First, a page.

Myelodysplastic syndromes
Mesenchymal stromal cells
Inflammatory cytokines
Full Text

Myelodysplastic syndromes (MDS) are a heterogeneous group of clonal hematological disorders characterized by peripheral blood cytopenia and dysplasia in one or more myeloid linages.1 They share a variable risk of transformation into acute myeloid leukemia (AML). The MDS mostly affect patients over 50 years old. The prevalence is 1/500 in people over 60 years and constitutes the most frequent malignant hematologic disease in this population.

The MDS pathogenesis is characterized by clonal proliferation of hematopoietic stem and progenitor cells (HSPC), which retain differentiation capability, but in an abnormal and ineffective manner. One of the mechanisms underlying this phenomenon is an increased HSPC apoptosis that accompanies the increased proliferation rates.2 Balance between these two phenomena varies within risk groups, with more apoptosis in the low-risk setting, whereas proliferation is the hallmark of high-risk MDS.

However, there is accumulating evidence that implies that the pathogenesis of MDS depends not only on HSPC alterations, but also is supported by the bone marrow microenvironment (BMM), specifically by mesenchymal stromal cells (MSC). In physiological conditions, the MSC play an important role in supporting hematopoiesis and regulating the HSPC proliferation and differentiation.3 In MDS, the BMM is modified by cytokines and soluble factors produced by the neoplastic clone. Moreover, an altered BMM enables MDS clone growth and supports altered hematopoiesis above normal hematopoiesis. The result is a dysfunctional BMM that promotes the disease progression.4 Evidence from animal models showed that an impaired BMM is sufficient to induce a dysplastic hematopoiesis.5 Moreover, the engraftment of human HSPC is dependent on the co-administration of MSC,6 highlighting the importance of the BMM in the MDS pathogenesis.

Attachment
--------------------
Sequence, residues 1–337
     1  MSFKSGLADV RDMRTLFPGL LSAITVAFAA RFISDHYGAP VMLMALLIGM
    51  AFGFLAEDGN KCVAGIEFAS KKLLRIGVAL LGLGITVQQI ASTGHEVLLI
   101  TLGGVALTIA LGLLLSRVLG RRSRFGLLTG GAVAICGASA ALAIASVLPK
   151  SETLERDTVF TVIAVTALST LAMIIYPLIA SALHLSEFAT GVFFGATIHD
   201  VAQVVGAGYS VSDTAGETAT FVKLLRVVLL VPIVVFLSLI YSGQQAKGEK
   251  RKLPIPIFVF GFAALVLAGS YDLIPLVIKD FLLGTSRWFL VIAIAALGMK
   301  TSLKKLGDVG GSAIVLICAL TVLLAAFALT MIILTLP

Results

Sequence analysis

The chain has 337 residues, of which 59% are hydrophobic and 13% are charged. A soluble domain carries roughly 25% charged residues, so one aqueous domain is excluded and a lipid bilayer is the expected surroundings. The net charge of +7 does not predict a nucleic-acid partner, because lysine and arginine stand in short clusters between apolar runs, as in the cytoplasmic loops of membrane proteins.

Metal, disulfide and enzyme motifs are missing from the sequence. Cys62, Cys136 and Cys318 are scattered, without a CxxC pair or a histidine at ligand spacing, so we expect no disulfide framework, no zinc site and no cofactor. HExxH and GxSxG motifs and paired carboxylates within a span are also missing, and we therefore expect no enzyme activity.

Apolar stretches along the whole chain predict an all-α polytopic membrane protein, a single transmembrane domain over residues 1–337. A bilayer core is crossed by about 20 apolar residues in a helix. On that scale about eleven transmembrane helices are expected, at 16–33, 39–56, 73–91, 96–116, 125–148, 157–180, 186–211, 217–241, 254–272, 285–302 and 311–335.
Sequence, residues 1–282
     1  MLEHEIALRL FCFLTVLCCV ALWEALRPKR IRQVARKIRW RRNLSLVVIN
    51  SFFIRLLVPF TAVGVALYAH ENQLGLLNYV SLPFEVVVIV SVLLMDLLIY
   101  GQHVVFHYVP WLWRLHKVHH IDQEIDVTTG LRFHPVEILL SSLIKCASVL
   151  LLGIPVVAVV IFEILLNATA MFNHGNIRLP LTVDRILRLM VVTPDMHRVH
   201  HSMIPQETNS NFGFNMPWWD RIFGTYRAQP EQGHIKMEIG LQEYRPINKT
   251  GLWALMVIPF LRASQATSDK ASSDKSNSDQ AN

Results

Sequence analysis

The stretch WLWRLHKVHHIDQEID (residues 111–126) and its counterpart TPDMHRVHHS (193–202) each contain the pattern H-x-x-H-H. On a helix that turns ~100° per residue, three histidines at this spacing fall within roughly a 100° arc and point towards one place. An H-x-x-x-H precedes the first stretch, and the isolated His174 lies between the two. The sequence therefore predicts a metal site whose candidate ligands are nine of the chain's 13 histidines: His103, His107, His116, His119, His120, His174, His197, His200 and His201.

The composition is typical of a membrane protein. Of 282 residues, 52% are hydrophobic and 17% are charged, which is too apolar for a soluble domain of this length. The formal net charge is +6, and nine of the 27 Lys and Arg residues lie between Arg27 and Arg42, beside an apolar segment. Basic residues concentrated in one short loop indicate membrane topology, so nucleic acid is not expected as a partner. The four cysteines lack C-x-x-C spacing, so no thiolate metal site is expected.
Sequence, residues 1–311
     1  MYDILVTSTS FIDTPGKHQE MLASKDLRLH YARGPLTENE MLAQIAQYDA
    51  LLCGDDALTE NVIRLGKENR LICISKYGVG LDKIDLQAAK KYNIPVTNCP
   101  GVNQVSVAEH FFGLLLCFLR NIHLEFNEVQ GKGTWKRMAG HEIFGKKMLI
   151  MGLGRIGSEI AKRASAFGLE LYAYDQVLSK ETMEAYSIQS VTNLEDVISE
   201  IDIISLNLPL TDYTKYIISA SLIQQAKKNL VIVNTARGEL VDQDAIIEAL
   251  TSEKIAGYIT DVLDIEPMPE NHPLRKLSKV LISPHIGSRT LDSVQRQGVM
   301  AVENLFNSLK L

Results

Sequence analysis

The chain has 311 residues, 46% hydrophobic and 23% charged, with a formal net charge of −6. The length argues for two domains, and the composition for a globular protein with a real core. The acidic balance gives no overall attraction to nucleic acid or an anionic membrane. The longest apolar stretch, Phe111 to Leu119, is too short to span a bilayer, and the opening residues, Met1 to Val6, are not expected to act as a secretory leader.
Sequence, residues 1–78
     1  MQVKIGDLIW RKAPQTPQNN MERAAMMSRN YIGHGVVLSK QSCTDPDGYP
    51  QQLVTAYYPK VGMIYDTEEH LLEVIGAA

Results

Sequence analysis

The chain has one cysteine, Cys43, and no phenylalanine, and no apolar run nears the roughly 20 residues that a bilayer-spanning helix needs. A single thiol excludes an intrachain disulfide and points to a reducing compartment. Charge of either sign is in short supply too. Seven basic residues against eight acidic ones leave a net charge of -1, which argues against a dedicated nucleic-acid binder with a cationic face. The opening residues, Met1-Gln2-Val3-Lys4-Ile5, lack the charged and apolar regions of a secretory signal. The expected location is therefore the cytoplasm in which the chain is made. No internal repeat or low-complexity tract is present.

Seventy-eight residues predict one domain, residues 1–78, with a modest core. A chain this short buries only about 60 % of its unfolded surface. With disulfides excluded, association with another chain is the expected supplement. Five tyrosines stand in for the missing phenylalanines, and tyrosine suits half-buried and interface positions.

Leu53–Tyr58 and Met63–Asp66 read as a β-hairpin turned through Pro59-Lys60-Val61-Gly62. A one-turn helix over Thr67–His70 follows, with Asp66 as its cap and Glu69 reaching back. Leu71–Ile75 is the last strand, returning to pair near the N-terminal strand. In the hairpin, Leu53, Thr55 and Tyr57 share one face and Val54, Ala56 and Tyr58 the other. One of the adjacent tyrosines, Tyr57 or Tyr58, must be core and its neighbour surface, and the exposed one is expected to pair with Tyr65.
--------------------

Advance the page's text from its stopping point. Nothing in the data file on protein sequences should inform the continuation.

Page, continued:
There has been contradictory evidence regarding the MSC alterations in MDS and their contribution to the progression of AML. Although there is sufficient agreement in morphologic differences and growth impairment,7 there are controversial data regarding the immunophenotype, multipotentiality and immunomodulatory properties.8,9

The 5-Azacytidine is a hypometilating agent (DNMT inhibitor) which is widely used in MDS treatment. It is the current standard of care for patients with high-risk MDS and has also shown activity in lower-risk patients.10,11 Although the mechanism of action is not exactly known, it is proposed that the epigenetic regulation of the HSPC favors the elimination of tumor cells, as well as enhances normal hematopoiesis. The direct effect of 5-Azacytidine on the ability to sustain hematopoiesis by the MSC in MDS patients has been recently published by two different groups.12,13 Moreover, the effect of azacytidine on the gene expression of the MDS-MSC has been demonstrated to affect genes that are actively involved in the support of hematopoiesis.14